Today, his son Bobby Douglass uses an 11th-generation, computer software-based box. There is a console with 32 buttons, four rows of eight buttons each. Press buttons on the right of the console, the laughs last longer. Move higher, toward the top row, and the laughter grows more boisterous. Operators press as many as 20 keys at once to devise an optimal blend of yuks, guffaws and snorts.

Some actors claim to have heard the same woman’s lingering cackle over decades of sitcom soundtracks. But different computer programs can be downloaded for the machine’s use, allowing producers to draw upon the recorded reactions of thousands of different people.

No directors, no writers and indeed no networks brag about laugh tracks, which are part of a large range of synthetic emotions added to create the aural fabric of the program. Similar sound effects are used for the broadcast of live musical concerts, awards ceremonies and beauty pageants.

During a live event, Douglass says, it would not be possible to string up enough microphones to capture audience applause without creating a thicket of wires that would jar viewers at home. So taped applause is blended into the audio feed during the broadcast.

It’s the laugh track, however, that draws the most derision in the television industry. “A common expression in the writing room, at least at one time, was, ‘Well, the machine will love that [joke],’ ” recalls Alan Alda, the star of CBS’ “MASH.” “We know laughter is contagious. But we don’t know that mechanical laughter will help a show that isn’t funny.”

Giving a Lift to Live Laughter

During the 1980s, producers of the hit NBC program “Cheers” made a point of having a lead actor announce, at the start of each episode: “Cheers is filmed before a live studio audience.” But “Cheers” was “sweetened”--the practice of blending recorded laughter with the spontaneous reactions of a studio audience. Some ambient sounds, such as clinking glasses and barroom chatter, were added in the control room.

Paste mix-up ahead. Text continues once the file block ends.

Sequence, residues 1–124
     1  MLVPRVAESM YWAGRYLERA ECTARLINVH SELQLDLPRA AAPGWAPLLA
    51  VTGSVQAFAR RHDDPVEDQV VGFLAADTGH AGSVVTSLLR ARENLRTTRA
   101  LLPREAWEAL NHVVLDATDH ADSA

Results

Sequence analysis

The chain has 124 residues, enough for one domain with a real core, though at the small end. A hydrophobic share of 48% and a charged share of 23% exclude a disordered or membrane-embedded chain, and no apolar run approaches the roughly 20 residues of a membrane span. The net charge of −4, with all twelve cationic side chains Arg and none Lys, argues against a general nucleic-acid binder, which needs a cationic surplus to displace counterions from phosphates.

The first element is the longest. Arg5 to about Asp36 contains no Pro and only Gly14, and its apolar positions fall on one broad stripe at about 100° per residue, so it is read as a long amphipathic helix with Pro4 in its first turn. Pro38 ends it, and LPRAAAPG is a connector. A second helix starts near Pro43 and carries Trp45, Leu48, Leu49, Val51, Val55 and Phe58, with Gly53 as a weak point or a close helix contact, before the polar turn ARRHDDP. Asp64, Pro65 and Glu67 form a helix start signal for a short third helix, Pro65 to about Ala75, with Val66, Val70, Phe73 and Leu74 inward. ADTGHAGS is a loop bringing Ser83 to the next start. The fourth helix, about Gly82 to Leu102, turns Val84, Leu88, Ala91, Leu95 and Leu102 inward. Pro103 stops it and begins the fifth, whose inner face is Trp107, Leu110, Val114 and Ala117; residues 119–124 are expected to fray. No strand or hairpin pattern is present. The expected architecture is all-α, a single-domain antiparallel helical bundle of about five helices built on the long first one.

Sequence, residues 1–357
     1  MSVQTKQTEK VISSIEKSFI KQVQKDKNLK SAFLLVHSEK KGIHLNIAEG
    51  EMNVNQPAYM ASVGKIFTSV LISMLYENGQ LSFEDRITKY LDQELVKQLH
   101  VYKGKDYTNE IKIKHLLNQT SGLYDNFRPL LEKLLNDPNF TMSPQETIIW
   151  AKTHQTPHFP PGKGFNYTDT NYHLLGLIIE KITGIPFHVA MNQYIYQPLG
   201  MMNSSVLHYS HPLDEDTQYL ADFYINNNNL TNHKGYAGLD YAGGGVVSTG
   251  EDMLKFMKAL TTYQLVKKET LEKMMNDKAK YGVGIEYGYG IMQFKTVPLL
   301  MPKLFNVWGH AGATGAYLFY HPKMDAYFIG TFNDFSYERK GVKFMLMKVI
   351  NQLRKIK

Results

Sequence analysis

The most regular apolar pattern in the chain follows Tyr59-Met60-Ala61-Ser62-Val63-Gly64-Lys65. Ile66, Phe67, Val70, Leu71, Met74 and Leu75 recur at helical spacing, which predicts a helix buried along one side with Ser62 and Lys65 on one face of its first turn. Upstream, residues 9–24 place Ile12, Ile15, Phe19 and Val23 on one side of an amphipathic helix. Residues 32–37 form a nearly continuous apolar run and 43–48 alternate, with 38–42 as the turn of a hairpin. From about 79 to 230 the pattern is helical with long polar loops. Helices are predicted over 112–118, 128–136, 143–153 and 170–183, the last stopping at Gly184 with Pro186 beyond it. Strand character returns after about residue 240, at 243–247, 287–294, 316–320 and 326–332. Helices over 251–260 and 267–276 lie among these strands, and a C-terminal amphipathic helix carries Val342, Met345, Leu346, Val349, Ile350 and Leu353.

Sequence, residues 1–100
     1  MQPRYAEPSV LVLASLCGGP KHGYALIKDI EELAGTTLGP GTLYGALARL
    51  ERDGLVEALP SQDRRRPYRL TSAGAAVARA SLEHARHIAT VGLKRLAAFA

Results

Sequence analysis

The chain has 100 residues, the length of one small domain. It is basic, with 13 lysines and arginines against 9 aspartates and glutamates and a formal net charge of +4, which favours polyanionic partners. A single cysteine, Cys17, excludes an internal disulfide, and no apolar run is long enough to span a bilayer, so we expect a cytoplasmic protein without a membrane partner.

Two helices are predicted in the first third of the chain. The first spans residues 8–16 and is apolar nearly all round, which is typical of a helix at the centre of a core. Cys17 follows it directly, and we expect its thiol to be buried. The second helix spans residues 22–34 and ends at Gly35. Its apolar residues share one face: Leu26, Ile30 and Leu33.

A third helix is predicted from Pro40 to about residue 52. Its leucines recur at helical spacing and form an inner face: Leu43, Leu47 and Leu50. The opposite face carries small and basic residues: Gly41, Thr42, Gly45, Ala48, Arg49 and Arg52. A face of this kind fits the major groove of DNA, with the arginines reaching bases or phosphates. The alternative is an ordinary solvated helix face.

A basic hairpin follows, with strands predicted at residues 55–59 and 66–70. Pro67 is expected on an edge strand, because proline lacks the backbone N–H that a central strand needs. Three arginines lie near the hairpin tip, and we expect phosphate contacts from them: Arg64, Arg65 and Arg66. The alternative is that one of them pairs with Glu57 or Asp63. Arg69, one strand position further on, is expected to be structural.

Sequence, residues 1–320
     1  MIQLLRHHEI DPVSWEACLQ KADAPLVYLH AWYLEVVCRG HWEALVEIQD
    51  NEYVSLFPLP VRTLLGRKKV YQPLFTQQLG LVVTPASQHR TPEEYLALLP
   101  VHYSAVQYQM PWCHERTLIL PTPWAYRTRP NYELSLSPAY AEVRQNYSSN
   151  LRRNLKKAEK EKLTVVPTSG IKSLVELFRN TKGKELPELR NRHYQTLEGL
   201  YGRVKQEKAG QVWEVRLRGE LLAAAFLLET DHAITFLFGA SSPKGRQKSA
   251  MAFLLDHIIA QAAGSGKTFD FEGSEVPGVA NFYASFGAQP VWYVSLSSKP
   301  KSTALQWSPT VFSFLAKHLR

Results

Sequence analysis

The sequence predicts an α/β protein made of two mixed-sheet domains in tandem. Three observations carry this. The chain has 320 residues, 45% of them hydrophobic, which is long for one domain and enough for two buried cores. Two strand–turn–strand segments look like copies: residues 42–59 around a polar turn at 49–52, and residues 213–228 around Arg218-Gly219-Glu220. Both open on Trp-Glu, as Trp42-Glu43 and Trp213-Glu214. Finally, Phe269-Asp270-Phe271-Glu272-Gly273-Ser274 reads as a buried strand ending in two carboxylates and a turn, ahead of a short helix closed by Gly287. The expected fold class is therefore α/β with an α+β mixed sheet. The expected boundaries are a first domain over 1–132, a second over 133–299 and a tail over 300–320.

Producing situation comedies often requires the same technical expertise as making movies. The majority of sitcoms using laugh tracks are filmed before studio audiences. But scenes require more than one take, and directors mix elements from more than one version.

The difficulty is that an audience’s reaction differs from take to take, and its willingness to laugh at any given joke understandably diminishes after the first telling. So any switching between takes requires technicians to knit together divergent soundtracks. Use of a laugh track allows directors to weave together takes by smoothing out gaps in audience reaction.

In 1988, a New York Times article suggested that the emergence of seven “laughless” comedies that fall season “could be a sign that television is finally moving beyond the 10-laughs-a-minute sitcom.”

Only one of those seven shows, “The Wonder Years,” lasted longer than two years on network TV.

In the 1990s, the edgier Fox network presented viewers with “The Simpsons,” “Futurama” and “Malcolm in the Middle,” all of which won devoted and significant audiences without any canned laughter. Premium cable--with such fare as “The Larry Sanders Show” and “Sex and the City”--has offered writers a sanctuary from recorded laughter, since their programming is less dependent on ratings.